New research shows Autism starts prior to birth. Autism begins when certain brain cells fail to properly mature within the womb, according to scientists.
Brain tissue taken from children who died and had autism revealed patches of disorganization in the cortex, a thin sheet of cells that’s critical for learning and memory, researchers report in the New England Journal of Medicine. Tissue samples taken from children without autism didn’t have those characteristic patches.
Most autism studies have been done using imaging technology, such as an MRI, only a handful have been based on an analysis of brain tissue, which mostly were taken from adults.
Organization of the cortex begins in the second trimester of pregnancy. “So something must have gone wrong at or before that time,” says Eric Courchesne, an author of the paper and director of the Autism Center of Excellence at the University of California, San Diego.
“These patches of disorganized cortex are patches where cell types have failed to develop,” he said. “This indicates this must have happened in fetal life when the brain is setting up neural cell types, neural connections and neural layers.”
By the second trimester, fetal brain cells are making complex connections, the scientists said. At this point, the cortex develops into six layers, each with its own specific types of cells, assembly patterns and connections that perform unique roles in processing information.
But in the children with autism, “there are patches in which specific cells in specific layers seem to be missing,” Courchesne says. So instead of distinct layers, there are disorganized collections of brain cells.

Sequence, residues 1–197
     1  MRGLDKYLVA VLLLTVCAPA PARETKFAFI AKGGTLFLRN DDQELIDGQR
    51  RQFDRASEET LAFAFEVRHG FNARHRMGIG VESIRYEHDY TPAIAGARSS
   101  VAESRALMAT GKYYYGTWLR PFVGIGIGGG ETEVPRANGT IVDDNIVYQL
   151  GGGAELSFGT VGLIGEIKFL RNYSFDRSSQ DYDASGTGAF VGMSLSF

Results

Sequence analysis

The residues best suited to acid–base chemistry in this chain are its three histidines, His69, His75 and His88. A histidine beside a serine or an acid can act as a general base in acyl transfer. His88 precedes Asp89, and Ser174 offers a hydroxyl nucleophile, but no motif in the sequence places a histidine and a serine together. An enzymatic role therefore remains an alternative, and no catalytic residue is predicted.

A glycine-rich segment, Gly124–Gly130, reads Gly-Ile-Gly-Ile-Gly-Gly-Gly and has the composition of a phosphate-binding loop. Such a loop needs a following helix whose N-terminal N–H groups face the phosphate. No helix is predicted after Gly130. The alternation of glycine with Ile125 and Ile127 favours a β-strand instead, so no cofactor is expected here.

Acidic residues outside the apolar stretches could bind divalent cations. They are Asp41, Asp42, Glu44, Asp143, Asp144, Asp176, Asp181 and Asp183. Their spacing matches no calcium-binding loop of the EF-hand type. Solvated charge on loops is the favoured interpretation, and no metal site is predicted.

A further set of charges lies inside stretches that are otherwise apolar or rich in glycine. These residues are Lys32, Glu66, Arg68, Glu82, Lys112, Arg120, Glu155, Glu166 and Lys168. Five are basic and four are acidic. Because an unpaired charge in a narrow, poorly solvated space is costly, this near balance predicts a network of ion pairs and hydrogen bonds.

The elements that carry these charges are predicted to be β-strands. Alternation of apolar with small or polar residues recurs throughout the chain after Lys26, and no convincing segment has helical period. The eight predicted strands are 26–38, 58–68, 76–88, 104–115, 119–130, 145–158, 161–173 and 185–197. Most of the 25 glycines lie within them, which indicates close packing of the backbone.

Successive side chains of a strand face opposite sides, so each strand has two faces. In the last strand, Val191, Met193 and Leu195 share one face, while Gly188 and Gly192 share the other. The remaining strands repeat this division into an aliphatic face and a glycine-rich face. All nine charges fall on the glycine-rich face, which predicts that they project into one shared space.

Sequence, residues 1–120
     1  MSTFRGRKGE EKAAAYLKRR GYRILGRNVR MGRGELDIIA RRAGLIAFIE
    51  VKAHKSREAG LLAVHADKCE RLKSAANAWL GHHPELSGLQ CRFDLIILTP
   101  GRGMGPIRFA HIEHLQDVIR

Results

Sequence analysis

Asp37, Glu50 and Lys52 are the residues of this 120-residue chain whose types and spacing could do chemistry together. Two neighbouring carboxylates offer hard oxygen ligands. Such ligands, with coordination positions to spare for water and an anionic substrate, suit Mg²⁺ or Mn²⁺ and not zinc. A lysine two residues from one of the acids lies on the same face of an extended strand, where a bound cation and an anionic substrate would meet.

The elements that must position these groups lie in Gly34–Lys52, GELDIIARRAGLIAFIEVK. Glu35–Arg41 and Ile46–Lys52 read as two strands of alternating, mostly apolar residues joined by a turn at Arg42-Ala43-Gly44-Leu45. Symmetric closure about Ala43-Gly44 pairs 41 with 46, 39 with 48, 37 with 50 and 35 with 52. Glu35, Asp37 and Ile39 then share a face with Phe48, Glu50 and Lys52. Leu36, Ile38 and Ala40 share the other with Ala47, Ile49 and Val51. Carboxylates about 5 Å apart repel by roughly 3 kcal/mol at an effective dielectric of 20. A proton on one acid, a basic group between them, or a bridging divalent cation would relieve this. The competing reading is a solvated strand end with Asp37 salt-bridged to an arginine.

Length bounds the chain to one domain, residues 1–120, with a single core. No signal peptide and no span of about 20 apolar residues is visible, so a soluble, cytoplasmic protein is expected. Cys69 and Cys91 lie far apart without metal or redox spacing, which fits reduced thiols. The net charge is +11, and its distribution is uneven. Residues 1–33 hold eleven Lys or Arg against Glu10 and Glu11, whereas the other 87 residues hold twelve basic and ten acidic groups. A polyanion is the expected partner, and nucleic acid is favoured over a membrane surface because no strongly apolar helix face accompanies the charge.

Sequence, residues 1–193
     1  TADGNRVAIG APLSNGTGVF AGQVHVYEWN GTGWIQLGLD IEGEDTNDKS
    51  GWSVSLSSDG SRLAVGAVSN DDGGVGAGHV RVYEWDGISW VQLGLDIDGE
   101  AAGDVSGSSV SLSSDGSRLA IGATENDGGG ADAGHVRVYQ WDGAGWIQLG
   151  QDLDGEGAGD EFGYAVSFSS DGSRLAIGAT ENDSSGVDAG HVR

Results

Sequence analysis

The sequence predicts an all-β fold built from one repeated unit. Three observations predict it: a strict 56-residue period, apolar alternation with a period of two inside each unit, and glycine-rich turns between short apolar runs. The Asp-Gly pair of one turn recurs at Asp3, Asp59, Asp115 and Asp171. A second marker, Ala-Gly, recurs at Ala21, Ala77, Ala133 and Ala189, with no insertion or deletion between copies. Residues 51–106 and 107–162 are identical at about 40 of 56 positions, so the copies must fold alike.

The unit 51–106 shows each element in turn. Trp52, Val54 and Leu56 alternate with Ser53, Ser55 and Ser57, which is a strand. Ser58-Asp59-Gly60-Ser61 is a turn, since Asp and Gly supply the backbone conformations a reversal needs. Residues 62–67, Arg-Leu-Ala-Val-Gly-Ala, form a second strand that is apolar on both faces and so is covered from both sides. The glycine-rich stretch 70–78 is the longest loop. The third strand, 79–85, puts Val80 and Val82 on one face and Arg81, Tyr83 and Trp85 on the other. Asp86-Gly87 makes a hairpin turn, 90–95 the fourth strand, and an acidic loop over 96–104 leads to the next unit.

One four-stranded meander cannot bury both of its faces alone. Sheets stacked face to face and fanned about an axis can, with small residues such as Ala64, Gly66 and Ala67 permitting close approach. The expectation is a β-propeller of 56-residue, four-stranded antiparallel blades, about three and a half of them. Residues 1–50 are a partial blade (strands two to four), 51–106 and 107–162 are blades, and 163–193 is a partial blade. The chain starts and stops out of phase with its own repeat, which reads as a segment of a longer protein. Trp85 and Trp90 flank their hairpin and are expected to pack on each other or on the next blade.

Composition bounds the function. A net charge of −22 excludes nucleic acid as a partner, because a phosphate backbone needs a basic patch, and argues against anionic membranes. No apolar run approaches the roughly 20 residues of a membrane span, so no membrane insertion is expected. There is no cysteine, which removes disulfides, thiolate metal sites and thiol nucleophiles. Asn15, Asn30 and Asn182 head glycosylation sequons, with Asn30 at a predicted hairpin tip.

These patches of disorganized cortex would have different effects on the brain depending on where they occur and how many there are, Courchesne says. Which could help explain why the symptoms of autism vary so much.
“The next step is to investigate the cause of these abnormalities and if anything can be done about it,” said Ed Lein, an investigator on the study from the Allen Institute for Brain Science.
“The broader implication is now we have more evidence that brain changes early in life are very important for understanding autism, and it helps make the case that we have to start earlier to understand causative factors,” said Dan Smith, senior director for discovery and research at Autism Speaks, an advocacy group based in New York.
“We need to expand on findings like this study to understand whether there are biological markers that we can detect before we detect behavioral changes,” Smith said in a telephone interview to Bloomberg.
Courchesne said bigger studies that include more subjects and genetic markers, as well as more extensive brain mapping will be needed to confirm the findings or to find potential triggers that cause the brain differences.
“Our panel had only 25” gene markers, “the largest panel ever used, but it’s not enough,” he said. “Even though we had 12,000 slides, that still isn’t sufficient.”
About 1 in 88 children in the U.S. have one of the autistic spectrum disorders, which include classic autism and a mild form, Asperger syndrome.
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